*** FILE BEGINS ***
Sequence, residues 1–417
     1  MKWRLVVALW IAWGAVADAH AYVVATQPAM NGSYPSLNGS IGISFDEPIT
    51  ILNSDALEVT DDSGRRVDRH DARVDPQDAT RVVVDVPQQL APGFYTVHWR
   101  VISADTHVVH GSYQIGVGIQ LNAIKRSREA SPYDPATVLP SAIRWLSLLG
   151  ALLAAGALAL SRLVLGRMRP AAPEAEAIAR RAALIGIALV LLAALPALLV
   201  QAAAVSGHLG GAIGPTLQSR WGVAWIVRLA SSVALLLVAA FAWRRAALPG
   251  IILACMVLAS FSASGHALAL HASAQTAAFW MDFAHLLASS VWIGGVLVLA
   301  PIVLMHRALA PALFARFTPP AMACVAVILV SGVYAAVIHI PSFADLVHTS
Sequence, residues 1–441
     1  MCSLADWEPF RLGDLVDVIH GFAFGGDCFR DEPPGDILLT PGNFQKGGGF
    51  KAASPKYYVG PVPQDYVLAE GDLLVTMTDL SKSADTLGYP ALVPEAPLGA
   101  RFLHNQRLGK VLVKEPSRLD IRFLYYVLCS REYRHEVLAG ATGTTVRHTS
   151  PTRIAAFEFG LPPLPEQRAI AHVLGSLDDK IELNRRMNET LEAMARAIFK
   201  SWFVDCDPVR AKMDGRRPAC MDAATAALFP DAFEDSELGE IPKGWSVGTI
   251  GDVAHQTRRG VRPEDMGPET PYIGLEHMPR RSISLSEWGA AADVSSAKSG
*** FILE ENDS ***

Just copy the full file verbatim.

Sequence, residues 1–417
     1  MKWRLVVALW IAWGAVADAH AYVVATQPAM NGSYPSLNGS IGISFDEPIT
    51  ILNSDALEVT DDSGRRVDRH DARVDPQDAT RVVVDVPQQL APGFYTVHWR
   101  VISADTHVVH GSYQIGVGIQ LNAIKRSREA SPYDPATVLP SAIRWLSLLG
   151  ALLAAGALAL SRLVLGRMRP AAPEAEAIAR RAALIGIALV LLAALPALLV
   201  QAAAVSGHLG GAIGPTLQSR WGVAWIVRLA SSVALLLVAA FAWRRAALPG
   251  IILACMVLAS FSASGHALAL HASAQTAAFW MDFAHLLASS VWIGGVLVLA
   301  PIVLMHRALA PALFARFTPP AMACVAVILV SGVYAAVIHI PSFADLVHTS
Sequence, residues 1–441
     1  MCSLADWEPF RLGDLVDVIH GFAFGGDCFR DEPPGDILLT PGNFQKGGGF
    51  KAASPKYYVG PVPQDYVLAE GDLLVTMTDL SKSADTLGYP ALVPEAPLGA
   101  RFLHNQRLGK VLVKEPSRLD IRFLYYVLCS REYRHEVLAG ATGTTVRHTS
   151  PTRIAAFEFG LPPLPEQRAI AHVLGSLDDK IELNRRMNET LEAMARAIFK
   201  SWFVDCDPVR AKMDGRRPAC MDAATAALFP DAFEDSELGE IPKGWSVGTI
   251  GDVAHQTRRG VRPEDMGPET PYIGLEHMPR RSISLSEWGA AADVSSAKSG